The Challenge: To engage increasingly multichannel customers, businesses need to integrate their digital and retail experiences.
Engaging in Social Media
Today's customers expect businesses to personalize their experience across channels. And as Urban Outfitters CEO Glen Senk explained, multichannel customers are the most valuable customers: “Multichannel customers spend two to three times more than single-channel shoppers ... Consumers who engage with the company across three or more channels spend six times more than the average customer.”
To take advantage of this value, many businesses are integrating their digital presence: Web, mobile, and tablet. But, many businesses fail to integrate offline experiences into their multichannel mix.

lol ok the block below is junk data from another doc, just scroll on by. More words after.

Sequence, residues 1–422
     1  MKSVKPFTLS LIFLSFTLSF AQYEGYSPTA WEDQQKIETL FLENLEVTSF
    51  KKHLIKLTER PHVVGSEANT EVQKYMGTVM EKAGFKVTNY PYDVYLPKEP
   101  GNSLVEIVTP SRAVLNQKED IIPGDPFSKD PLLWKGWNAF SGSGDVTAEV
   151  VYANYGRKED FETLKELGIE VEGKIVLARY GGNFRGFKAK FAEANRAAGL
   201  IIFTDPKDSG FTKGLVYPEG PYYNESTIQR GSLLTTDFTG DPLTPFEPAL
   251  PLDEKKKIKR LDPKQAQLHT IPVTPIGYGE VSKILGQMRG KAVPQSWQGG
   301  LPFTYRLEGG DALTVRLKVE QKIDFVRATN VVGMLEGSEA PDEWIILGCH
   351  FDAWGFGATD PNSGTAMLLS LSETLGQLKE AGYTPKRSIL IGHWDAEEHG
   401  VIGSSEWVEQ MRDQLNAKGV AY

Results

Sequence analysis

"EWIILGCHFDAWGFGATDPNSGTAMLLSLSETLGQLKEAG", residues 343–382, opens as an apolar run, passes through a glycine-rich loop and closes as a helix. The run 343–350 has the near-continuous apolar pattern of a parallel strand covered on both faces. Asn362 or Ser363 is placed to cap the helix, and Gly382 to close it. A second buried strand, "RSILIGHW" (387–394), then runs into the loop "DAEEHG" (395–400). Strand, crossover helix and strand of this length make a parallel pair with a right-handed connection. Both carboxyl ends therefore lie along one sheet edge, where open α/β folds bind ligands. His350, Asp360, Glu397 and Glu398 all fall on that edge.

Global beauty retailer Sephora is taking the lead in integrating online and retail shopping experiences. As Sephora Direct senior vice president Julie Bornstein told Forbes last month, "lots of retailers are hesitant to bridge the online and offline world," but Sephora is embracing the opportunity. Recently, they've put iPads in 20 stores, so customers can read product reviews and look up their own purchase history.
While in-store iPads bring digital convenience to retail stores, updates to Sephora's online presence are bringing the full retail experience online. Sephora's new search capabilities allow online customers to ask many of the same questions they ask at retail locations. "Is this product right for my skin type?" "What's the SPF?" "What should I use for fine lines and wrinkles?"